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OIL AND COAL and debt

Posted by Ian McAdam on December 19, 2008

I am bemused by the news in Britain today.  It seems that Gordan Brown wants the oil supplying nations to be nice to the oil demanding nations, and that he expects those with an abundance of oil to invest in green energy.  What I find most farcical about all of this is that because the price of oil is so volatile, the British government is putting an inordinate amount of energy into open cast coal extraction without investing in research on how to burn the dirty old stuff cleanly.  This carbon capture malarkey might be possible in ten years time, but that is ten years too far away.

I am frightened by the direction we are travelling in.  Is it possible that the invention of the credit card was one of the biggest mistakes?  Give people an overdraft which can be paid back during economic downturns, but don’t inflate the property market to such an extentthat it makes millions homeless during economic weakness. Give them a credit card too? Shakkle everyone with debt which is never reflected in the balance of payments?

A fundamental change is needed.  Perhaps the World Bank could consider what Keynes once though a good idea — a universal currency.  It is time that the service sector shrank and human labour used to cut carbon emissions.  We have to ready ourselves for the day the oil runs out, so why not start restructuring the economy now?  Otherwise, the legacy we’re leaving for future generations does not bear thinking about.

So, Gordon, why not concentrate on creating more allotments, creating energy efficient transport links that cope with demand, and getting Britain to stop consuming its unfair share of the world’s resources.  Something has to give.  Something has to give.  I pray, something will change the economic fundamentals.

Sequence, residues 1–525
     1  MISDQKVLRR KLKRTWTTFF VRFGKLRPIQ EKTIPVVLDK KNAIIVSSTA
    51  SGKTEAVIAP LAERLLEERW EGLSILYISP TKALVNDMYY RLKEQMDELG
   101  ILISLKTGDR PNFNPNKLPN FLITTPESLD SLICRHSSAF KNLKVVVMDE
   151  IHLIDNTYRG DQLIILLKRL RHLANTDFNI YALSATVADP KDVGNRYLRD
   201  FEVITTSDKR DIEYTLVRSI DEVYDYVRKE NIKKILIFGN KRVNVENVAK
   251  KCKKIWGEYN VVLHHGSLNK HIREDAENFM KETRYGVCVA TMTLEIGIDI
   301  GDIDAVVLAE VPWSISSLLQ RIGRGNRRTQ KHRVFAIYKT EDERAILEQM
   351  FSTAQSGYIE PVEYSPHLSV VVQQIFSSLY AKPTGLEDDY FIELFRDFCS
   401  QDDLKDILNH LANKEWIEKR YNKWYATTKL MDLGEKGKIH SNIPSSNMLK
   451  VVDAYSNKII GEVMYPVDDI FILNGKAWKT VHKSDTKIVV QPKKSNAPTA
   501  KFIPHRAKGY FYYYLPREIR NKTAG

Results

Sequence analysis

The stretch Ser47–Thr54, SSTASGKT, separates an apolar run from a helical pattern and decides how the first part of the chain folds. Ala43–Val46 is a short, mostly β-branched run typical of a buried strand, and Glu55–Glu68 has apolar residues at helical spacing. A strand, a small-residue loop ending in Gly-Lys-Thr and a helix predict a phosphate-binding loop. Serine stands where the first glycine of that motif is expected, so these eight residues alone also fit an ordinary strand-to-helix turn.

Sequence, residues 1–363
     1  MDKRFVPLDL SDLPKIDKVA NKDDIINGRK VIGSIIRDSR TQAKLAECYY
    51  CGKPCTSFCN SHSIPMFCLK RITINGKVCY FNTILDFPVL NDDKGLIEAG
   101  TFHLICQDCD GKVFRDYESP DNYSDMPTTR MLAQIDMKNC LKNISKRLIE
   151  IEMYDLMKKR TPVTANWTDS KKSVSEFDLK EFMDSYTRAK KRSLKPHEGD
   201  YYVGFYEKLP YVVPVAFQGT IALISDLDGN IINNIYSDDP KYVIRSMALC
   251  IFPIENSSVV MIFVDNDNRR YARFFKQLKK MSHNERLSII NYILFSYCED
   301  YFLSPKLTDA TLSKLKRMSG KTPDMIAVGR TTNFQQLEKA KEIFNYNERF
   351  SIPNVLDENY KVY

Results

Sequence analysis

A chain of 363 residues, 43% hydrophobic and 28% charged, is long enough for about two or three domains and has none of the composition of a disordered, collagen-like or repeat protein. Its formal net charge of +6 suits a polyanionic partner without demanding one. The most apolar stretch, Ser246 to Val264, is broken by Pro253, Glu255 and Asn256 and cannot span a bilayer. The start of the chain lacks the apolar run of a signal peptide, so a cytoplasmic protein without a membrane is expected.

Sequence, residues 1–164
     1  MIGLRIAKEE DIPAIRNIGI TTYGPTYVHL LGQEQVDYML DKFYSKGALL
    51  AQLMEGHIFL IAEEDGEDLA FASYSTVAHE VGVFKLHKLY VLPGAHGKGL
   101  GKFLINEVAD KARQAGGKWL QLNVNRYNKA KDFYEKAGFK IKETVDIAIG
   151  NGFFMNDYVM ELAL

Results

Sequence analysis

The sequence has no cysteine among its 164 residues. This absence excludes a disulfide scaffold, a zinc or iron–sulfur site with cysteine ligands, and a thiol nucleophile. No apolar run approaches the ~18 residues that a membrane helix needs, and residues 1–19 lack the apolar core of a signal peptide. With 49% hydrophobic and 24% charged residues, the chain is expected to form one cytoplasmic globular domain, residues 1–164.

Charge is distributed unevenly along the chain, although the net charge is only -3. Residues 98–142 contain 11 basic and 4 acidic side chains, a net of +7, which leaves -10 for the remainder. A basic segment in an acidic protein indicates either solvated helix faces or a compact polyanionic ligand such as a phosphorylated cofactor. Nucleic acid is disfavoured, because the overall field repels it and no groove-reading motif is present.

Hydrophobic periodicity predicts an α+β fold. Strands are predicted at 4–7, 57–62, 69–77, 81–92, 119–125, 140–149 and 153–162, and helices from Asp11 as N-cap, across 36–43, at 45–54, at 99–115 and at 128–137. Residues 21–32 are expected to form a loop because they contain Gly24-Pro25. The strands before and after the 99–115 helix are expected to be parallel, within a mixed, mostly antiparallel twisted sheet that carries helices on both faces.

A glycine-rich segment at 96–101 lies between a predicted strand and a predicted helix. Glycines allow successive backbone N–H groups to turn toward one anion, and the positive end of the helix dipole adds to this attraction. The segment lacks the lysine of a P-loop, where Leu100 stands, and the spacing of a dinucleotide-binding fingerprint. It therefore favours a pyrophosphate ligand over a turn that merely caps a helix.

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3 Responses to “OIL AND COAL and debt”

  1. Yes! I need a new job, and I want it to be in biofuels research so yes, improve the economy and invest in non-fossil fuels so that there will be a job opening for me! If I wish it, will it come true? I have no idea how to make things right in the world, so all I can do is wish.

  2. Ian McAdam said

    Sam, Thanks you. Biofuels are a part of the solution, but with food demand, a very tricky issua. Perhaps if more people were vegetarians, or even just ate two fewer portions of meat a weak, and so much plant matter was not fed to animals, there would be room for both bio fuels and food demand.

  3. By the way, the biofuels that I am interested in are made by algae using sunlight as an energy source–they do not require arable land or food crops, and can be grown in waste water with carbon dioxide from power plants etc.! I’m not into ethanol from corn or other plants–I don’t think that is going to work, because in addition to the problems you mentioned (using food crops), there are the issues of the energy input required (by some estimates, greater than the energy output of the ethanol!) and in part because the infrastructure is not there to move it (because ethanol, unlike oil, would pick up water, the pipes would end up rusting). See http://www.greencrudeproduction.com/

    I am absolutely pro lower meat consumption, as you may imagine. It would help so many things (health, the environment, hunger (because crops would not be diverted to animals, as you mentioned), animal welfare…).

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